Teeth to the bush

At the program launch (from left): David Gonski, NSW Premier Barry O'Farrell, Clyde Thomson of the RFDS and David Clarke of Investec.

Outlying rural communities in New South Wales will benefit from an innovative oral health care program funded in partnership with the Royal Flying Doctor Service (RFDS), an Australian bank and a family philanthropic foundation.

Launched this week by NSW Premier, Hon. Barry O’Farrell, the dental service known as “TOOTH – The Outback Oral Health and Treatment – Program” will provide much-need assistance to disadvantaged remote locations in NSW.

The $2.5 million funding needed to ensure its viability for the first three years will come from a unique partnership between the Investec Foundation, the philanthropic arm of Investec Bank (Australia) Limited (Investec), the Gonski Foundation and the RFDS.

In its first year, the TOOTH Program will conduct 128 dental clinics and dental therapy clinics in the western NSW communities of Bourke, Collarenebri, Goodooga and Lightning Ridge.

Investec Bank Australia Chief Executive, Mr David Clarke, said the TOOTH Program brings to life the philosophy and aims of the Investec Foundation and illustrates the Bank’s commitment to support a wide range of worthy causes in education, entrepreneurship and health.

“Without doubt, there is a dire need for dental services in some of NSW’s most remote communities and the Investec Foundation is pleased to play a key role in oral healthcare,” he said.

Chairman of Investec Bank Australia, Mr David Gonski AC, said he and his wife, Orli, had established the Gonski Foundation ten years ago with the sole purpose of giving back to the community.

“Philanthropy means giving for the public good where the focus is on quality of life, so we are delighted that through this initiative much-needed oral health services will now be available in outback communities in NSW.

“The three-way partnership between the Investec Foundation, the Gonski Foundation and the Royal Flying Doctor Service is a wonderful example of how a large corporation, a private family and a leading not-for-profit organisation can come together to make a significant difference,” Mr Gonski said.

He said that Australia has benefited from the recent growth in Private Ancillary Funds, particularly when working together with the corporate sector and helping provide for areas in need.

“We see ourselves as seed funding a vital service that could attract further Government investment, once it’s proven successful,” Mr Gonski said.

Although the Royal Flying Doctor Service is best known for emergency flights with medical patients, today some 80 per cent of its operations are centred on delivering vital primary healthcare services to remote communities.

The TOOTH Program will be the first such service out of RFDS’ Dubbo base, which recently underwent a $1.6m upgrade.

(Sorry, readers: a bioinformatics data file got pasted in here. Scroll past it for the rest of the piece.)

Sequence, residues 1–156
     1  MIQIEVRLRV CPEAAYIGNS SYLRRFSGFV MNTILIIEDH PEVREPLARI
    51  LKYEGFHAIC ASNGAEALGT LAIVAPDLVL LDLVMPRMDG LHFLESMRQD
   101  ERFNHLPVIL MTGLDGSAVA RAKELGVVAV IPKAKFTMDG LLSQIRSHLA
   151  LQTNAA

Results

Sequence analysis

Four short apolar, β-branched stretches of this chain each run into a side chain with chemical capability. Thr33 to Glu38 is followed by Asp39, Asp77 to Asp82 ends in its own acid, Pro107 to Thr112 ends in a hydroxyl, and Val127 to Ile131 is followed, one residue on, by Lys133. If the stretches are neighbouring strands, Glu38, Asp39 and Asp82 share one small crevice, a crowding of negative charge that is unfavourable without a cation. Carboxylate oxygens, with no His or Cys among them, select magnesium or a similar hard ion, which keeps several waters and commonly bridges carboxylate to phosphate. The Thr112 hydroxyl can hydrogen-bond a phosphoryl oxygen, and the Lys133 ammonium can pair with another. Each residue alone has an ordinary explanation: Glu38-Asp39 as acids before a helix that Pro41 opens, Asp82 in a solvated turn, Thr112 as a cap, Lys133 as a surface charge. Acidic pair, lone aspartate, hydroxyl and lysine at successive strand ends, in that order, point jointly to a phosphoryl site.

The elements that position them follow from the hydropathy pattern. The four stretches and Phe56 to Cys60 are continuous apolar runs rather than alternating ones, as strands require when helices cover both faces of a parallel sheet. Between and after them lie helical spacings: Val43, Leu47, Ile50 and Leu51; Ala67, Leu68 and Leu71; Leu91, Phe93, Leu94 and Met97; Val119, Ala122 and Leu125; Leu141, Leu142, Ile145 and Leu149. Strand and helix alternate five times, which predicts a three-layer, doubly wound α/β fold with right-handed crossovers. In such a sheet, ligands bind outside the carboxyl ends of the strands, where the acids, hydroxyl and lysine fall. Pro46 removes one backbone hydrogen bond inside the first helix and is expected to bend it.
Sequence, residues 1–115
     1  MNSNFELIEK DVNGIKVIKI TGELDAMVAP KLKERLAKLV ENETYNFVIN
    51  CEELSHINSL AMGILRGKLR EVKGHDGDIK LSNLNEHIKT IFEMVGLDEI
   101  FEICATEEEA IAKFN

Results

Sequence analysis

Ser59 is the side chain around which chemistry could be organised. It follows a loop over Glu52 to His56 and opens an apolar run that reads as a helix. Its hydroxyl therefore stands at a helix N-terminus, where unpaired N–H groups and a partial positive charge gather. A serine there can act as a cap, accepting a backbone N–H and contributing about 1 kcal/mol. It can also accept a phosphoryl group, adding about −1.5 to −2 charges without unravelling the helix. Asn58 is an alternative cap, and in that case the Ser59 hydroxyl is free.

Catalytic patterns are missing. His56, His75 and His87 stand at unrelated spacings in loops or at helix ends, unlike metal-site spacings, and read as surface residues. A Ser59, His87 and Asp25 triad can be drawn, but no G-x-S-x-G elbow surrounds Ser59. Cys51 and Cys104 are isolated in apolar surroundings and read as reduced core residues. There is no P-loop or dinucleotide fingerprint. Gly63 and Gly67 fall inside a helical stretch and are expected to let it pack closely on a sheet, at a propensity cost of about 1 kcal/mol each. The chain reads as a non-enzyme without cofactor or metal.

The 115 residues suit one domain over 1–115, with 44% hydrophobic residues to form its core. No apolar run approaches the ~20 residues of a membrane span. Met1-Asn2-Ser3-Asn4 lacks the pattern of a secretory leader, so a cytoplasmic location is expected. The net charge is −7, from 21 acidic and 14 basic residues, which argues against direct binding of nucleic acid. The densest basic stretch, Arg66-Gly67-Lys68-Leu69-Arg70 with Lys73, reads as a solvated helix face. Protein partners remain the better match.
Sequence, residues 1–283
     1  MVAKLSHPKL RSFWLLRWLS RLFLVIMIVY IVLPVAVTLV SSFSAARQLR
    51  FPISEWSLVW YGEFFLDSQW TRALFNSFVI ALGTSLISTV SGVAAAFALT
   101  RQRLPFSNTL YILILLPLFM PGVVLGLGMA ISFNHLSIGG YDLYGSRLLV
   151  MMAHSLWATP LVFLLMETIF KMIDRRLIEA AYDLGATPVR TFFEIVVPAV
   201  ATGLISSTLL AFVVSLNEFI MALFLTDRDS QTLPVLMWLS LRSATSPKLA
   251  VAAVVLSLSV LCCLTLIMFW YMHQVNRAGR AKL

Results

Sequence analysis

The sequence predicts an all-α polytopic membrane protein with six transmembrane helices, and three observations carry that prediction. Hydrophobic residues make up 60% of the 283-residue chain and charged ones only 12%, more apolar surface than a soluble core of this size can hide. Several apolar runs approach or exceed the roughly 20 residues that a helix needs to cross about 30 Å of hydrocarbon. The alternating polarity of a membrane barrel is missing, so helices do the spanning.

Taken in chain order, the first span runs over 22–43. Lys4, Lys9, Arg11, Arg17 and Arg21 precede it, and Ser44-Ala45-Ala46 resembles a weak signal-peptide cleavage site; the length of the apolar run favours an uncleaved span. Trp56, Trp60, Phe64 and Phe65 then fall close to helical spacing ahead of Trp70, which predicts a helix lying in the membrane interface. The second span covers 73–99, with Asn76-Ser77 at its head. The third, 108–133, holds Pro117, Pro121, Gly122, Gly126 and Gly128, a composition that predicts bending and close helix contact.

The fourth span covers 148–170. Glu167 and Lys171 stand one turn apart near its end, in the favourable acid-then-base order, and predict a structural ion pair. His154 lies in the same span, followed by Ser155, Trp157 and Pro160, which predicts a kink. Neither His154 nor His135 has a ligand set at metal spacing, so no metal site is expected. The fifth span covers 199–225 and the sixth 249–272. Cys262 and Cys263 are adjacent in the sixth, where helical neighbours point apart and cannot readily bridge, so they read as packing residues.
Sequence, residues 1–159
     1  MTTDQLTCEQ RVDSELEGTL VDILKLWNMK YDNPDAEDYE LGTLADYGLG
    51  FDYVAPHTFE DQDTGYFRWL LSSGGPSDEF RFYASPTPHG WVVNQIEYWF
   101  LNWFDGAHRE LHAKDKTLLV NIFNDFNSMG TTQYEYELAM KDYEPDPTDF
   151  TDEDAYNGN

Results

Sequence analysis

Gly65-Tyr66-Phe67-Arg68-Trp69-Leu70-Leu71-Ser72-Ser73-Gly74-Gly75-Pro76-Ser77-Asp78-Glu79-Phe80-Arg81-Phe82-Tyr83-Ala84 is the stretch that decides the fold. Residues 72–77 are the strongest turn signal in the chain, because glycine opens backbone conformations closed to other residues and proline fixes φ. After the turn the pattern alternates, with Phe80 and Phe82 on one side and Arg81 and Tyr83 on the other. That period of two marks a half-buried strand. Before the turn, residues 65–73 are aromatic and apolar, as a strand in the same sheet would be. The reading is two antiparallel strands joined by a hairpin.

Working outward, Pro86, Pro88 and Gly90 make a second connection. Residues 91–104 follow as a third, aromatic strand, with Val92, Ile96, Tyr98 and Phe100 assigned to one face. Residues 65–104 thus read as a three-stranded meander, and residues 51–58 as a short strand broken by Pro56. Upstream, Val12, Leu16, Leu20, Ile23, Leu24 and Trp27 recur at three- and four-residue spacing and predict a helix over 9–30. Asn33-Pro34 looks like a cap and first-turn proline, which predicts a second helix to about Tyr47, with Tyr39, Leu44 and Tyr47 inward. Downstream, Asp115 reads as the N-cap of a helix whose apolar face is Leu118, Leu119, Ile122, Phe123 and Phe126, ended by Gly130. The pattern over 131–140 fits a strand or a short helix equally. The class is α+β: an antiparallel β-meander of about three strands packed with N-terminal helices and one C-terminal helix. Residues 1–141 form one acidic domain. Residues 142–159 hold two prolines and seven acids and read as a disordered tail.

Executive director of the RFDS, South Eastern Section, Mr Clyde Thomson, said his organisation has been operating a very successful dental program from its Broken Hill base since 1999 and is keen to replicate this in Dubbo.

“The advantages of this type of innovative and pragmatic model are that it allows us to address outstanding health issues with urgency” Thomson said.

President of the RFDS South Eastern Section, Mr John Milhinch OAM, said he hoped the dental program would develop into a full public/private partnership with the NSW Government as an investor and partner.

“It ticks all the ‘policy boxes’ in terms of dental health and also complements very successful programs operated by the Aboriginal Medical Services among others,” Mr Milhinch said.

The newly-launched TOOTH Program will not only provide oral healthcare but also train rural dentists through collaboration between RFDS and Charles Sturt University. By working under supervision, dental students will be able to gain valuable experience as well as providing clinical assistance to the dentist.

RFDS Statistics show that dental health is a major issue in Australia, with almost 50 per cent of children aged 6 or under having signs of tooth decay, between 40- 57 per cent of 12–15 year old teenagers found to have some history of decay in their permanent teeth, while over 70 per cent of adults experience some form of outstanding gum or dental issues.

Poor dental health has also been linked to other conditions such as such as bad nutrition, cardiovascular disease, stroke, low birth weight, pneumonia and diabetes.

“We seek to be a positive influence in all our business activities, in each of the societies in which we operate. We are proud to be partners in this very worthwhile initiative,” said David Clarke.


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  1. Until more effort is made to empower Australians to help themselves through informed decision-making TOOTH is still The Outback Oral Health and Treatment program – merely another TOOHT. This proud initiative deserves success through education . Another toot is exactly the opposite of what is required to deliver the remedy for decades of neglect that has resulted in a vast majority of us suffering a preventable disease process.


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